03 April, 2014

Men must join fight against FGM, leading campaigner urges

Men must join fight against FGM, leading campaigner urges

Speaking out: Edna Adan says FGM must no longer be seen as a “woman’s affair”. Picture: Alex Lentati

One of the world’s leading campaigners against female genital mutilation has called on men to take up the fight against the practice.

Maternal health pioneer Edna Adan, who was the first to speak out about ending FGM on Somali radio in the 1970s, said it should no longer be seen as a “woman’s affair” and that men are integral to stamping it out.

Ms Adan, former foreign minister of Somaliland and founder of a pioneering maternity hospital, said: “The men are my target, because these girls have a mother and a father. Men have had the easy way out saying ‘this is a woman’s affair’. But it should not be a woman’s affair. You can put your foot down if you are the head of the family.”

Ms Adan, 76, trained as a midwife in London in the Fifties. She returned to Somalia in 1961, and was married to the country’s prime minister.

She later set up a hospital in Hargeisa, the capital of Somaliland, which trains women as midwives if they commit to learning about FGM.

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On a visit to London this month she welcomed the growing campaign to stamp out FGM in the UK, and suggested that men who allow it to happen here could be threatened with deportation. She said: “For Somali men the sons are very precious, so give an announcement that the son may risk deportation because a little girl was touched.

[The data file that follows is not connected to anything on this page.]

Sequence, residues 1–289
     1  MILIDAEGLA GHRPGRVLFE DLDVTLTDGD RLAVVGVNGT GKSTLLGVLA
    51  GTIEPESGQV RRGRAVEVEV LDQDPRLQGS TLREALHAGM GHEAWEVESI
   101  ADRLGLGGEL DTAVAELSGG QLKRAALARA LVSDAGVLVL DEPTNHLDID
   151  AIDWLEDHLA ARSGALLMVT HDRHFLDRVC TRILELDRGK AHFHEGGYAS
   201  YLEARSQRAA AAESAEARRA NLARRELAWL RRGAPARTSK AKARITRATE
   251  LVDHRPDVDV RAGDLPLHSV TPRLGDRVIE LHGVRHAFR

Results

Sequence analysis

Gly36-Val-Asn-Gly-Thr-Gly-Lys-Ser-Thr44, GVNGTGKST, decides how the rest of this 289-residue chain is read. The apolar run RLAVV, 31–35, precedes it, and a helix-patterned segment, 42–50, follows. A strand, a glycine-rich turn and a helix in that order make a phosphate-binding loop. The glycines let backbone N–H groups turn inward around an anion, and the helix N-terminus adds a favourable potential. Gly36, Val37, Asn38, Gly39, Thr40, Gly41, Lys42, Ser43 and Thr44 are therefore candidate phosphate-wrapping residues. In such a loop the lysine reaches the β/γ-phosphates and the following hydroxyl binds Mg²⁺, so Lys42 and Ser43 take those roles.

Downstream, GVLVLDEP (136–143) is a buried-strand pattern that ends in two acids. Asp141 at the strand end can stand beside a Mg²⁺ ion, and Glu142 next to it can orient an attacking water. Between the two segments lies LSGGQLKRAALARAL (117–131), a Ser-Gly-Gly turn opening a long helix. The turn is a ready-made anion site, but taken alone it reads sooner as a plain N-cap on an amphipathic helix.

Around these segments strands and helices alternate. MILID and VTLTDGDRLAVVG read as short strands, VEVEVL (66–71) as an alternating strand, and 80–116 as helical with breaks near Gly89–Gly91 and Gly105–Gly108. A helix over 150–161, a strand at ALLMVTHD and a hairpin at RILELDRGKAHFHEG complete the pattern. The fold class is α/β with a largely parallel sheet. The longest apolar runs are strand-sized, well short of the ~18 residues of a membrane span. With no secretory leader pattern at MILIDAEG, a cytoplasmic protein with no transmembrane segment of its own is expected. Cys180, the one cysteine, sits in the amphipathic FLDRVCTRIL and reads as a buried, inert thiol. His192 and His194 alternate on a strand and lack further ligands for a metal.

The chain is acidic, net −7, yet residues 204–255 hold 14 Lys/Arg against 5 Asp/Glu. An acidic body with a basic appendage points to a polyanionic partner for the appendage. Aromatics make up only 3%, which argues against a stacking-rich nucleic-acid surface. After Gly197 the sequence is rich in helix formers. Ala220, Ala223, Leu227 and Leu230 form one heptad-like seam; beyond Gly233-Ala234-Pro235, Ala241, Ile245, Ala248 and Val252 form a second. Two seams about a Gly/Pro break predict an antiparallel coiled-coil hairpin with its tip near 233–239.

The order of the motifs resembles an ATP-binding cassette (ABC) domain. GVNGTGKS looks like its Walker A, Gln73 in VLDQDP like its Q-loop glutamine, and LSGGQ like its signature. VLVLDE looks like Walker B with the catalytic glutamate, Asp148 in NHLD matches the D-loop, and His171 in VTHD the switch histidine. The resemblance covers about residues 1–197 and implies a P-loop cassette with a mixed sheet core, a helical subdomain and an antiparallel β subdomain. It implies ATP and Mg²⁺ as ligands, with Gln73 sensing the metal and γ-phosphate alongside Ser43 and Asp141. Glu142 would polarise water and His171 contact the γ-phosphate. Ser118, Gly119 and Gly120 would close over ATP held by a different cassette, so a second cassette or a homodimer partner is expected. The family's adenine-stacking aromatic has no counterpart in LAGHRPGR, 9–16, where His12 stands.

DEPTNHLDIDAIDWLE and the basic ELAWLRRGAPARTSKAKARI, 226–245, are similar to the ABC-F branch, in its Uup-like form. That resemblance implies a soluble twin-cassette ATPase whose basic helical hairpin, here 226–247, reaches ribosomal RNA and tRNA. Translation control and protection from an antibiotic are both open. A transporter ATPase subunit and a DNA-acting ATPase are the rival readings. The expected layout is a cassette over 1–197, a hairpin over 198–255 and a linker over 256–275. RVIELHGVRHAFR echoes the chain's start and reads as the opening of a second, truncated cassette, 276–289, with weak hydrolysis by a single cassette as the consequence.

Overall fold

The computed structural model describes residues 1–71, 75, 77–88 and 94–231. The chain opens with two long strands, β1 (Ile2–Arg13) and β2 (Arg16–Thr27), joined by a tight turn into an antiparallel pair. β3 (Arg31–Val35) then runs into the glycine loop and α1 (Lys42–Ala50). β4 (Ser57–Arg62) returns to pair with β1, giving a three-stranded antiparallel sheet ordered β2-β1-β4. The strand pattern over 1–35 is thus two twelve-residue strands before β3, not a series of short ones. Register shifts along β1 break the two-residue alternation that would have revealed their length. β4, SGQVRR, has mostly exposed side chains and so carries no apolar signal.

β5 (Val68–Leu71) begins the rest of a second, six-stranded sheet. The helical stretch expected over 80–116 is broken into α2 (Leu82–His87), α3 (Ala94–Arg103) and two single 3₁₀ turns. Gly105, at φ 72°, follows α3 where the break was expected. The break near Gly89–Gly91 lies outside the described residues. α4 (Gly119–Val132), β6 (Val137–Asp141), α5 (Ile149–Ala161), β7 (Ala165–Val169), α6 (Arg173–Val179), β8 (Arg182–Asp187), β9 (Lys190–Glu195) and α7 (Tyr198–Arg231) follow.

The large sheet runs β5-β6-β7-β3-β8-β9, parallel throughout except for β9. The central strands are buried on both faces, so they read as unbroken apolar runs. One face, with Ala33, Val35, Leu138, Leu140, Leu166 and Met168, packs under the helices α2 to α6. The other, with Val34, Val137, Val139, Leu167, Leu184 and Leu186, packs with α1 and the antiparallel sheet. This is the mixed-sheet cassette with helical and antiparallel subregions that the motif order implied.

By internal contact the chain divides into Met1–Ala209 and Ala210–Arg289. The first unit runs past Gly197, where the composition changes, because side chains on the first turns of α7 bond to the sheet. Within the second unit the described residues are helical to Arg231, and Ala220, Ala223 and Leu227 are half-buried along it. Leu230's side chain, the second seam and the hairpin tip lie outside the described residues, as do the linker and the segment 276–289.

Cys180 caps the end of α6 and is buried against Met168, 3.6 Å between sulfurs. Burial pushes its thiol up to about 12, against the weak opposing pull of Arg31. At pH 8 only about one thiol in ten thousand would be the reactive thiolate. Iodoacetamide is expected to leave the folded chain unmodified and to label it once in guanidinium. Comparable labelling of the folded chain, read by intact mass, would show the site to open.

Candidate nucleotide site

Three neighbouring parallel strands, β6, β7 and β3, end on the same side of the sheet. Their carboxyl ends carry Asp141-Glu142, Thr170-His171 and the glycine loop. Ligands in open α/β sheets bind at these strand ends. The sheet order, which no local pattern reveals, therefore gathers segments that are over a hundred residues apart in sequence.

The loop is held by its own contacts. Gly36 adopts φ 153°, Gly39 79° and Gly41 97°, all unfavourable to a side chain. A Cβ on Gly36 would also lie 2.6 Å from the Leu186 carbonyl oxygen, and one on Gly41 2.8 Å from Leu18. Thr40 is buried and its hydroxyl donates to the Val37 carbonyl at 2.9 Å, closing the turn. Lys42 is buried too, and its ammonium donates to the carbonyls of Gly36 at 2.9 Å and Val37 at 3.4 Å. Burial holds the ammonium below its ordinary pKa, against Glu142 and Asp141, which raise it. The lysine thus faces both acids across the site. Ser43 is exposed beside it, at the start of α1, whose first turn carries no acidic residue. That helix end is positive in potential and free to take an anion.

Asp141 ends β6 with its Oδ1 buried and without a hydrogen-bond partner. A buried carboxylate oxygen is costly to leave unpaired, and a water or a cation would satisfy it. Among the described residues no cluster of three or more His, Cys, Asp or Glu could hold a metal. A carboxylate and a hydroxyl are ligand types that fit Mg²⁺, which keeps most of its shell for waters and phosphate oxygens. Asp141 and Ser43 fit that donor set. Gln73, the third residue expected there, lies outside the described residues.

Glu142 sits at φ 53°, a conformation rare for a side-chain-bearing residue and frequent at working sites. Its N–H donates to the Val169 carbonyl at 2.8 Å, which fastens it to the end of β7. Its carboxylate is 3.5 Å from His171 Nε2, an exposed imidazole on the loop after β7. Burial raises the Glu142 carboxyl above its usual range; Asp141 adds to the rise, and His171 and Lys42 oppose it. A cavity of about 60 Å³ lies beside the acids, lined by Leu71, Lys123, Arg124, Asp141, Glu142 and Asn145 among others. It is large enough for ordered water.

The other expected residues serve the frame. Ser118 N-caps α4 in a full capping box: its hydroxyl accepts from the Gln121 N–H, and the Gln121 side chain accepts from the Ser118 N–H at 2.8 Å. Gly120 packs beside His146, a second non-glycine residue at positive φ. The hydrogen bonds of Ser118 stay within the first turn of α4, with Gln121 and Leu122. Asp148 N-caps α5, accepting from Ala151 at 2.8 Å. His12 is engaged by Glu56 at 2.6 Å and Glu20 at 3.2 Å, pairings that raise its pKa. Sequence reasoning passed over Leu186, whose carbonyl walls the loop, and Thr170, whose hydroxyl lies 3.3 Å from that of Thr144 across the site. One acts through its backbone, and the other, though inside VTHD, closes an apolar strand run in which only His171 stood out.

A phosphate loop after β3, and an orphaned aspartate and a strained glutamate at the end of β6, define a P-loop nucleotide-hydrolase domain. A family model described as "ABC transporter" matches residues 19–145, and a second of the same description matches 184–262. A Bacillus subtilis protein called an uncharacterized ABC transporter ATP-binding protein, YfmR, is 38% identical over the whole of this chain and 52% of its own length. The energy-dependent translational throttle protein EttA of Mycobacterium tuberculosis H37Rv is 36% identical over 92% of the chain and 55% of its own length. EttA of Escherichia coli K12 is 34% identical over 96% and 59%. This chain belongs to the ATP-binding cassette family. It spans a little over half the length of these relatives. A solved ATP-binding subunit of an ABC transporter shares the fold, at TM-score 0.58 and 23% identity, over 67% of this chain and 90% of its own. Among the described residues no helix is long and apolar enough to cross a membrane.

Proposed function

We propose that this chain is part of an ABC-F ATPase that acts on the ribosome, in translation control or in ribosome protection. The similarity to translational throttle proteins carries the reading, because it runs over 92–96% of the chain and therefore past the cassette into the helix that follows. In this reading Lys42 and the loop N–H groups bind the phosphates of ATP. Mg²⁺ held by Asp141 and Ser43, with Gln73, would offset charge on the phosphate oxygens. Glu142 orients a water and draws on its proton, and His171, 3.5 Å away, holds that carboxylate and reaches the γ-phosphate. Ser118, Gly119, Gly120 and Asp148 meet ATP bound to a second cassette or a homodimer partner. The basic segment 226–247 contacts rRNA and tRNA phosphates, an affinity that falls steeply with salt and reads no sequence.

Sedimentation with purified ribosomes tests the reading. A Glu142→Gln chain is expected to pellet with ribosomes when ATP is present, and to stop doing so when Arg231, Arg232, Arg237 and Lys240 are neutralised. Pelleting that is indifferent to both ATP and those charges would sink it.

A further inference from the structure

“That will trickle down to the countries they come from ... it’s time for men to feel it. Girls have been hurt far too much. I want people in the diaspora to go home and talk about it.

“The world is changing and uniting against this practice.”

The Edna Adan Maternity Hospital treats thousands of women who give birth despite being horrifically mutilated and scarred.

Ms Adan said she was inspired to speak out against FGM after seeing so many women suffer during childbirth. “It takes a lifetime to break that barrier and talk about it,” she said. “But when it comes out you can’t put it back.”

She wrote the Somaliland midwifery curriculum, which is followed by every university in the country. It includes a module on FGM.



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